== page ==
The citizen’s committee that usually doles out about one-third of Columbia’s annual revenue from meal taxes will have a much tougher time deciding Friday which organizations and events will get funding from a smaller pot of money.
The 11-member panel has $5.4 million in requests and has $1.8 million to spread around in fiscal 2016-2017. That’s because City Council on Tuesday took $386,500 and spent it and committed the city to $1.25 million for several years to expand two downtown museums.
That action squeezed the committee’s share from $2.26 million to $1.8 million for cultural and arts organizations, which intensifies competition for the already coveted money.
The panel has an all-day meeting set for Friday to scrutinize 78 applications and make its recommendations to council. Council almost always accepts the committee’s decisions.
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“The mayor told all of the agencies last year that they would not be cut because of Bull Street, that they would be kept whole,” John Whitehead, the chairman of the citizen’s panel, said Wednesday. “We’re going to have to re-evaluate what they meant by whole,” Whitehead said of the commitment by Benjamin and later by council.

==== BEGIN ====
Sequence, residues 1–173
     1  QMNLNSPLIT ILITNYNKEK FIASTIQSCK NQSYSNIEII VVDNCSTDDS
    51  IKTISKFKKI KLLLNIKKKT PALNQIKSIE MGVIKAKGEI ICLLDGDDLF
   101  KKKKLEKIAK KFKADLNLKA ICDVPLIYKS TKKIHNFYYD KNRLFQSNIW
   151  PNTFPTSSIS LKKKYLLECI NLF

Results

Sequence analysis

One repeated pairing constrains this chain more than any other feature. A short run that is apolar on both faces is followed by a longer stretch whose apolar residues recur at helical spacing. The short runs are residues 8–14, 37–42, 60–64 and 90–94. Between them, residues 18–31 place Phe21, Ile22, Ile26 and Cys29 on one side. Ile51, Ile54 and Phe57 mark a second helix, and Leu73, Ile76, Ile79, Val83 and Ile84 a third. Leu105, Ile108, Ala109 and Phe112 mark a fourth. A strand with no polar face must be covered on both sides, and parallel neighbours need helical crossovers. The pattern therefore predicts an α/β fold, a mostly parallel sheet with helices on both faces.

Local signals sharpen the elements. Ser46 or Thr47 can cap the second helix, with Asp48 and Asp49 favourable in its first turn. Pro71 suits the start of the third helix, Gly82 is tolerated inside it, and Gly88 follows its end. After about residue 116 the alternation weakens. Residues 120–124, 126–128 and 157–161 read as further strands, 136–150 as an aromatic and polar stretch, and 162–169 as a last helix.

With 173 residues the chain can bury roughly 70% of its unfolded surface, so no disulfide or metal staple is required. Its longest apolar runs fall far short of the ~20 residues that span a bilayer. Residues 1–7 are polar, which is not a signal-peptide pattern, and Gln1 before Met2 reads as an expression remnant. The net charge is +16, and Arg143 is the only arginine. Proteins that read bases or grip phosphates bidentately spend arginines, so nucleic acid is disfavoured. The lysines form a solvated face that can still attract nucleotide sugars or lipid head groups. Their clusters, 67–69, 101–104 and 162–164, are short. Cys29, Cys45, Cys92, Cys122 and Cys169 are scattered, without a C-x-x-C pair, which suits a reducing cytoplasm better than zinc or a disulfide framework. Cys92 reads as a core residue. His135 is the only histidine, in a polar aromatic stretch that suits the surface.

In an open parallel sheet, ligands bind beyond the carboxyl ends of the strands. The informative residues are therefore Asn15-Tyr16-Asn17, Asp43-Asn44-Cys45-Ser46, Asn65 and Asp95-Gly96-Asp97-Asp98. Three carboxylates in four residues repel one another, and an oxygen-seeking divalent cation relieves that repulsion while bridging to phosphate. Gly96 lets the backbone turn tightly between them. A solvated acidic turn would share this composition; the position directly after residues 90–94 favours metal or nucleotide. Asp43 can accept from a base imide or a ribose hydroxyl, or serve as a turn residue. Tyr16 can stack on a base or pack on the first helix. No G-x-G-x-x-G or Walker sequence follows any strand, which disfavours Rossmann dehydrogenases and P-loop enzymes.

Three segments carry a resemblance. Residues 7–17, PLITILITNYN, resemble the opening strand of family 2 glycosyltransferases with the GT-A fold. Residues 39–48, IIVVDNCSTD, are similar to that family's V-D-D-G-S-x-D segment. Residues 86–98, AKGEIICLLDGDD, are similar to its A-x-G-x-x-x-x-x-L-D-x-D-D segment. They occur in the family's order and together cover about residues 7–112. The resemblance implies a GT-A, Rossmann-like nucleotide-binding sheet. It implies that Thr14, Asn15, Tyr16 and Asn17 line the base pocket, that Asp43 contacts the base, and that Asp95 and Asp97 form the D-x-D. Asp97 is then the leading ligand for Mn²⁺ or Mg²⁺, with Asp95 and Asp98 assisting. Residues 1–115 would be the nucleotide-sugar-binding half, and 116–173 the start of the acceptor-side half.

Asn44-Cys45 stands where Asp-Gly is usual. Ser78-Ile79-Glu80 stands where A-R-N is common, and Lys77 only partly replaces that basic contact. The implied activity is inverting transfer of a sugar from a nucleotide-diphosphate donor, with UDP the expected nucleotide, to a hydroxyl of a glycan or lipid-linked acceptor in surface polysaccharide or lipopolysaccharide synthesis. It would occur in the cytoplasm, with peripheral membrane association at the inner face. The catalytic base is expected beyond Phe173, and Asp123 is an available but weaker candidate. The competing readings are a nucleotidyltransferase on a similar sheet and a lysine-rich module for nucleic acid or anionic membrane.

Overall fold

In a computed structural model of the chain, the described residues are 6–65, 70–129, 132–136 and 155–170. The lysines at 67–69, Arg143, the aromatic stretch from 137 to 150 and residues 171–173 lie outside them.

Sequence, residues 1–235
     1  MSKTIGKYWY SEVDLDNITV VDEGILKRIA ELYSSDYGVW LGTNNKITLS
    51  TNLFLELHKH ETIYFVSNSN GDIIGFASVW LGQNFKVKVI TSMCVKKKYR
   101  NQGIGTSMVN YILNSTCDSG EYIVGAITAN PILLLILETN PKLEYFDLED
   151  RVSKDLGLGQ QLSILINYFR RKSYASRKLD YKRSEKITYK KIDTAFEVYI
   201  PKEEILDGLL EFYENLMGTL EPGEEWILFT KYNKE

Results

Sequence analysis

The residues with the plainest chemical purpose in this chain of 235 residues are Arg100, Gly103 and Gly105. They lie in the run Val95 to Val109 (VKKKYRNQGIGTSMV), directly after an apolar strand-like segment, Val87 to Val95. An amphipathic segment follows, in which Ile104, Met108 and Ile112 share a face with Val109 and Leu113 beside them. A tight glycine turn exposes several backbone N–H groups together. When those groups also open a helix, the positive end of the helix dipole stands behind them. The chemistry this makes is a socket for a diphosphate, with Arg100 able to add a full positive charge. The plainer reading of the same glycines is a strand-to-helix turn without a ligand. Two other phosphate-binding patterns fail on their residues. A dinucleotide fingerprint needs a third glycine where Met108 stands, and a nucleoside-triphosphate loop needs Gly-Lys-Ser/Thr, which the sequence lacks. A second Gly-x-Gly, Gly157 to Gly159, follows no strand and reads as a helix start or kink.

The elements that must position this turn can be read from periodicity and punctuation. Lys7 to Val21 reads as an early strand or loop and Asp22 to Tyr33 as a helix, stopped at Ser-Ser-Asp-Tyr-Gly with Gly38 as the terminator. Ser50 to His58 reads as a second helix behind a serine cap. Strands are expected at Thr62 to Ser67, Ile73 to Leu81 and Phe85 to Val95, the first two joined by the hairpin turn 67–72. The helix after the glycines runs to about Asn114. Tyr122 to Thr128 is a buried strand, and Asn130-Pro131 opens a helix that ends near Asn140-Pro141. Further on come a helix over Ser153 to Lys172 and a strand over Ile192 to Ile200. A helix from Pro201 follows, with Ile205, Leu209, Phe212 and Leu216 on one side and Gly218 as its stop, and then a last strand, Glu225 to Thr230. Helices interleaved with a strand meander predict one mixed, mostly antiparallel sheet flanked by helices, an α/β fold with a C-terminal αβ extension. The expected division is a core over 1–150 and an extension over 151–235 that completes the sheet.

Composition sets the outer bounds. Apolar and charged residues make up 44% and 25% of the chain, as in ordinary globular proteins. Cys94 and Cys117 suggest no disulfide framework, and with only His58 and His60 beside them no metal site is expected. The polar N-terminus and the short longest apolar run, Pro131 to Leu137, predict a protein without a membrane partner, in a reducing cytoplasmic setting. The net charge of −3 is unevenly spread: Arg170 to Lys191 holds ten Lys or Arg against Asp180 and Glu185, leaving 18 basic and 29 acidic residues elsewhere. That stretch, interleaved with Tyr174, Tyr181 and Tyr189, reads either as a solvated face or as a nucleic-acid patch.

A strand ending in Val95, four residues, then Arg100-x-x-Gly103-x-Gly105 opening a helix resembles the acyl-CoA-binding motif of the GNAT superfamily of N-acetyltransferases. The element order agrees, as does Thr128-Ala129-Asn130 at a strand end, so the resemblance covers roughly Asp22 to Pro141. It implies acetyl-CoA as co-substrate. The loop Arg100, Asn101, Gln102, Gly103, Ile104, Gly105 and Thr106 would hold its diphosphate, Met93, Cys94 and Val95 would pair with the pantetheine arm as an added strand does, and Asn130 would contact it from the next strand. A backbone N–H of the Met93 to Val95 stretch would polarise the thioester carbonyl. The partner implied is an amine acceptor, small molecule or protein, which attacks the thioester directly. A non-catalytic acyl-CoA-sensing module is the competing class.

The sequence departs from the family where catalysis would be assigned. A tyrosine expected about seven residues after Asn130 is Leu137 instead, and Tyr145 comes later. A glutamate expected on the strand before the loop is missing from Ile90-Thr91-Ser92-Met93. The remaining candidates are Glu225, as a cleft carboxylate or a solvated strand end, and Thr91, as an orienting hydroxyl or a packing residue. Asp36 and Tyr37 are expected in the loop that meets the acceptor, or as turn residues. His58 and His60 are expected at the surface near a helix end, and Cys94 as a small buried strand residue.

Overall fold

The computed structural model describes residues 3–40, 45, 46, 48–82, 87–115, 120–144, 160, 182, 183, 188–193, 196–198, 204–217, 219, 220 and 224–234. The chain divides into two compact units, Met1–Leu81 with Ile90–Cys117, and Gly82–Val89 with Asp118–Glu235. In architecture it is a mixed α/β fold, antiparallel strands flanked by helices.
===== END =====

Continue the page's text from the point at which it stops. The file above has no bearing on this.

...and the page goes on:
Whitehead is referring to City Hall’s decision to float $29 million in bonds to pay for the city-owned stadium. The bonds will be repaid using meal-tax revenue for 30 years.
Council’s reduction of the money to the committee comes as 10 new applicants have requested $650,000 just for their events, said Libby Gober, an aide to the panel. That is on top of $4.7 million sought by organizations that count on the money year in and year out.
Whitehead said panel members likely will not enforce across the board cuts. That would mean smaller organizations or events “would get almost nothing,” he said. Instead the committee will decide on how it will approach the dilemma and will examine each application more closely than usual.
Whitehead leads the Columbia Music Festival Association, a group that’s also the fiscal agent for two dozen smaller arts groups. He said he hopes council will reconsider.
He also plans to ask Mayor Steve Benjamin if any of the $386,500 can be restored should meal taxes, known legally as hospitality taxes, generate more than the projected $10.8 million for the upcoming fiscal year.
Rather than cut the committee’s allotment, Whitehead asked council on Tuesday to increase the panel’s share annually by the same percentage that tax collections rise, which they have done since the end of the Great Recession.
Reach LeBlanc at (803) 771-8664.